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An Extraordinary Gift From A Sister-In-Law

In 2004, Chris Wagner was diagnosed with primary sclerosing cholangitis, an autoimmune disease affecting the liver's bile ducts. Doctors told him that although his ulcerative colitis was the more pressing issue to treat, within the next ten years he would need a transplant because of liver disease.

While serving in the US Army, Chris kept fighting his illness and for his country. After his service was finished, he attended Capital Law school where he met his wife, Ashley, and started practicing law full-time. Shortly after the birth of their second son, Chris began working as a legal advisor at his father-in-law's company, Chemspec Ltd.

In 2014, Chris was placed on the transplant list as his liver started to deteriorate. Chris continued working and waiting for another two years while he waited for a transplant to become available. At the beginning of this year, Chris learned that only 5 percent of his liver was working and even after an outpouring of support, no match had been found. It was then that his sister-in-law Mollie Moreland, a nurse at the Cleveland Clinic, decided she needed to help.

"Looking at a life without him, it just wasn't a possibility," says Mollie. "Something had to be done."

"It's a humbling experience when you start looking for a live donor and people actually start to volunteer, because it is a dangerous procedure for them."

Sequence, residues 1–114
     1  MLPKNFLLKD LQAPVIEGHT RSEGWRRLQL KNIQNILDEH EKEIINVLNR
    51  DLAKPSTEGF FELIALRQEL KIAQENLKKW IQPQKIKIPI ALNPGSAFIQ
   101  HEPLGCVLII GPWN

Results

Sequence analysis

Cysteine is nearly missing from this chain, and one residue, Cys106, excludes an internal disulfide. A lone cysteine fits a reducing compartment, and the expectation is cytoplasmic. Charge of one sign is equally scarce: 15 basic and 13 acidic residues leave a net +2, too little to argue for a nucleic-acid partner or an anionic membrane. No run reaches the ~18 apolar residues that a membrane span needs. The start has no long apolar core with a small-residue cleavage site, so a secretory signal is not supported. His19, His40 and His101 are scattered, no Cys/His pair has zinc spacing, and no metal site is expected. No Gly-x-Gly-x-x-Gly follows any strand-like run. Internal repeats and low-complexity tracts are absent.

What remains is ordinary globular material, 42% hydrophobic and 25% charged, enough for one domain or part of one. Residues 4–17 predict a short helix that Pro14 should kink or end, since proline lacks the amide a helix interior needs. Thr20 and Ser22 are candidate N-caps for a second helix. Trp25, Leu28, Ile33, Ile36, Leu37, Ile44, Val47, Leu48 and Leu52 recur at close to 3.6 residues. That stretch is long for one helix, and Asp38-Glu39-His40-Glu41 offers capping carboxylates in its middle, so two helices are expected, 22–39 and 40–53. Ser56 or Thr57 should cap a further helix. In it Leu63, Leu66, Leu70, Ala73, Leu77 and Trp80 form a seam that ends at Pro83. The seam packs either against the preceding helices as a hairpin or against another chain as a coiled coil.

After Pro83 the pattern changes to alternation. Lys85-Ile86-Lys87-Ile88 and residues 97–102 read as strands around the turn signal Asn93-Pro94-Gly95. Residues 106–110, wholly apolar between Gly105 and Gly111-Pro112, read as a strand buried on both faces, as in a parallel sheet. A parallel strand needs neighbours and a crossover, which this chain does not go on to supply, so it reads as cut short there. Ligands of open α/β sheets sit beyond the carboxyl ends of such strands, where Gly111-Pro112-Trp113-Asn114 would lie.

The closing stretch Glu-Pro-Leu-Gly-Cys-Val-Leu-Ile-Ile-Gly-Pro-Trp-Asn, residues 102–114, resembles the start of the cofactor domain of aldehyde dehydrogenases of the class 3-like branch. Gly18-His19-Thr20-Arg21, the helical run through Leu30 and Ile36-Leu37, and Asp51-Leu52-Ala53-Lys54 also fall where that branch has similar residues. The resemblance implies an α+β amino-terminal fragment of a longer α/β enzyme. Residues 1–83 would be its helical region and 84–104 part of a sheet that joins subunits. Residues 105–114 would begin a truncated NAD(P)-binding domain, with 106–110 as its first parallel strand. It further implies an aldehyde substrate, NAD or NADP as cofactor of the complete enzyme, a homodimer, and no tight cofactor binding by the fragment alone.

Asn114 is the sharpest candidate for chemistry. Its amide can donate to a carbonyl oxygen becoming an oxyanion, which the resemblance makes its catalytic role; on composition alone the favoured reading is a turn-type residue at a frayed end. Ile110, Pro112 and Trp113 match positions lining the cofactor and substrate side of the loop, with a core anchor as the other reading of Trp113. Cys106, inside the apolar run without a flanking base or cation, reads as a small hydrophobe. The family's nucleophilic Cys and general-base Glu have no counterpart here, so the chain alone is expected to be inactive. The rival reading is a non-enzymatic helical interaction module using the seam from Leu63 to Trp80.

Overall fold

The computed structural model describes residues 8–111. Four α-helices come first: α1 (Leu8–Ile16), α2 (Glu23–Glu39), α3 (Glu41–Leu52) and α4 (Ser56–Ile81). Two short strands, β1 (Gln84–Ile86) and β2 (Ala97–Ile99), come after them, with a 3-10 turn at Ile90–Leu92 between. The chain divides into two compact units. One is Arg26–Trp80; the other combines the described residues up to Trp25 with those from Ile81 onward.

Living donor liver transplants are not the typical scenario most people envision when they think about the process of a patient receiving an organ donation. In a living donor liver transplantation, a piece of liver is surgically removed from a living person and transplanted into a recipient immediately after the recipient’s diseased liver has been entirely removed.

The greatest advantage for the patient is that he or she can receive a transplant without having to wait on the United Network for Organ Sharing (UNOS) transplant waiting list, which can take months or even years. In the United States, there are over 17,000 patients on the waiting list for a liver transplant, but only enough donated livers to perform about 6,000 transplants each year. As a result, more than 1,700 patients die each year, while on liver waiting lists.

"It's a humbling experience when you start looking for a live donor and people actually start to volunteer, because it is a dangerous procedure for them," Chris says.

After several rounds of testing, Mollie and Chris learned from Dr. Nizar Zein, Chris' hepatologist at the Cleveland Clinic, that she was a match. On July 8, Mollie donated 63 percent of her liver. The surgery performed by Cleveland Clinic transplant surgeon Koji Hashimoto, MD, PhD and his team, took nearly 14 hours and saved Chris' life.

Both Chris and Mollie's livers are nearly regenerated almost a month after the surgery, growing until they both are proportioned to the correct size and producing healthy enzyme levels.

Chris and Ashley are so thankful to their family for all the support they've provided. They know without their help, especially Mollie's, Chris would not be here today.

Related Institutes: Digestive Disease & Surgery Institute
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